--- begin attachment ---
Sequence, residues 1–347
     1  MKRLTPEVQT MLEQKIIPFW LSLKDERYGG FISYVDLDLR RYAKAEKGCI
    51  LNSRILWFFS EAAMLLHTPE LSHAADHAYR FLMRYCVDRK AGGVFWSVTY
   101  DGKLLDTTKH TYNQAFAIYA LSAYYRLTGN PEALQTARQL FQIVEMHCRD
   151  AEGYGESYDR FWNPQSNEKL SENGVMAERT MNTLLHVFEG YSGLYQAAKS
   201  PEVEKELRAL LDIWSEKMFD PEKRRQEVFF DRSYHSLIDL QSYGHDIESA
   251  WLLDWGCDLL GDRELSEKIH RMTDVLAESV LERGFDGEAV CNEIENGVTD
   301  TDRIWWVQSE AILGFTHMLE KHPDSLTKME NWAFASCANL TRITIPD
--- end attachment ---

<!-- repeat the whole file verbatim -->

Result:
Sequence, residues 1–347
     1  MKRLTPEVQT MLEQKIIPFW LSLKDERYGG FISYVDLDLR RYAKAEKGCI
    51  LNSRILWFFS EAAMLLHTPE LSHAADHAYR FLMRYCVDRK AGGVFWSVTY
   101  DGKLLDTTKH TYNQAFAIYA LSAYYRLTGN PEALQTARQL FQIVEMHCRD
   151  AEGYGESYDR FWNPQSNEKL SENGVMAERT MNTLLHVFEG YSGLYQAAKS
   201  PEVEKELRAL LDIWSEKMFD PEKRRQEVFF DRSYHSLIDL QSYGHDIESA
   251  WLLDWGCDLL GDRELSEKIH RMTDVLAESV LERGFDGEAV CNEIENGVTD
   301  TDRIWWVQSE AILGFTHMLE KHPDSLTKME NWAFASCANL TRITIPD